As I sat down to prepare this list, I was certain that I couldn’t think of a single book that belonged on it. I proved myself wrong within about two minutes, which says a great deal about the scope of what might seem a narrow topic. While the recommendations that follow touch on the lucanae left by infant mortality, infertility and even premature birth, they also touch on the challenge of finding one’s footing as a stepmother, or as a maternal figure in a relationship that defies conventional labels. My two minutes’ rumination brought to mind Esther and Eloise Wilkin’s Baby Dear, a Little Golden Book from 1962 that underscores how basic the impulse toward motherhood can be. The simple story is narrated by a little girl who receives a new baby doll to celebrate the arrival of her new baby sister. Everything that her mother does for her real baby, the little girl does simultaneously for “Baby Dear.” Learning to be a big sister is, at this stage, learning to be a mother, and the girl looks forward to her sister growing up so that they can mother Baby Dear together. The book is plenty dated, but the nurturing impulse that it illustrates is timeless.
Blog Editor Amanda Jaros writes, “As a stepmother, I found Ayelet Waldman’s Love and Other Impossible Pursuits to be an accurate depiction of a stepmother’s desire for motherhood. The main character, Emilia, lost her biological child to SIDS, and she finds herself coping with this sorrow while also being a reluctant part-time mother to her quirky and sheltered young stepson, William. Emilia struggles to navigate the controlling intervention of William’s birth mother, guilt over her baby’s death, and the exclusionary behavior of the ‘real’ mothers of William’s kindergarten classmates. Like many of us, she desires the imagined motherhood that was expected, hoped for, anticipated. Instead Emilia must come to terms with the motherhood that is set before her and gracefully step into her role as stepmother.”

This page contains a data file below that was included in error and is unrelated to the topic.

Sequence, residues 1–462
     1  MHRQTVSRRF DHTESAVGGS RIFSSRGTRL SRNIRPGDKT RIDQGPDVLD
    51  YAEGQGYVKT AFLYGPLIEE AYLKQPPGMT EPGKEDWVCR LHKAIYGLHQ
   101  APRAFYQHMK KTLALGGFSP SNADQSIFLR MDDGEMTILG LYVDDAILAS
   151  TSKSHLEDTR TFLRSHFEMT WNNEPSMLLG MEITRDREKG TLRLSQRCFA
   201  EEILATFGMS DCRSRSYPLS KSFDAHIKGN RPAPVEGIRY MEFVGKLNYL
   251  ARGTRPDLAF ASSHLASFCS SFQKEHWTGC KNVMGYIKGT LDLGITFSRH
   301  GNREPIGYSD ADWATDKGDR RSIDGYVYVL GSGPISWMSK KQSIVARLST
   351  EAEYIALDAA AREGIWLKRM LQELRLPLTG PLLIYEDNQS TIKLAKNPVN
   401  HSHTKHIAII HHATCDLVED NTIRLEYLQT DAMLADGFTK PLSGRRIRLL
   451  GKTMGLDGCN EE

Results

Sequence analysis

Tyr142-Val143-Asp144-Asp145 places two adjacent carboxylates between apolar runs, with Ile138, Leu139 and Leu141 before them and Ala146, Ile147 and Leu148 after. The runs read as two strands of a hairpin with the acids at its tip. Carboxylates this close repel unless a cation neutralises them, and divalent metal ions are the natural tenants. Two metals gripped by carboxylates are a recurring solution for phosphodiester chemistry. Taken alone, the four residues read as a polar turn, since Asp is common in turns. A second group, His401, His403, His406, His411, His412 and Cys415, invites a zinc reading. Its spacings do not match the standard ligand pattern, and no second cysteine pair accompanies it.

Kristina Riggle, Fiction Co-Editor, offers another unusual and touching take on our theme: “In Caroline Leavitt’s heartbreaking Pictures of You, Isabelle — who photographs others’ adorable children at a photo studio — is still mourning her infertility when she gets a call from her husband’s pregnant mistress, and drives away in a fog of hurt and anger. The terrible accident that follows brings her into unlikely connection with a grieving young boy and his father. The love between a woman and a child does not always start with biology, and doesn’t even always make sense; this novel captures that reality perfectly.”
Editor-in-Chief Caroline Grant adds, “I’m reading Literary Mama editor Kate Hopper‘s brand new memoir, Ready for Air: A Journey Through Premature Motherhood, and I don’t want to put it down. Hopper was moving steadily through an uneventful pregnancy when she developed severe preeclampsia and her daughter was delivered eight weeks early. Suddenly all her expectations of motherhood shift and she has to adjust — hesitantly, uncertainly — to a new reality: mothering a very sick baby in a NICU. She doesn’t even get to hold her child until she is five days old,and then only in carefully-timed seven-minute shifts. What kind of motherhood is this? Hopper writes with refreshing honesty, dry humor, and utter frankness about her ambivalence, anger, and eventual acceptance in a book that will resonate with all of us who have faced uncertainties on our road to parenthood.”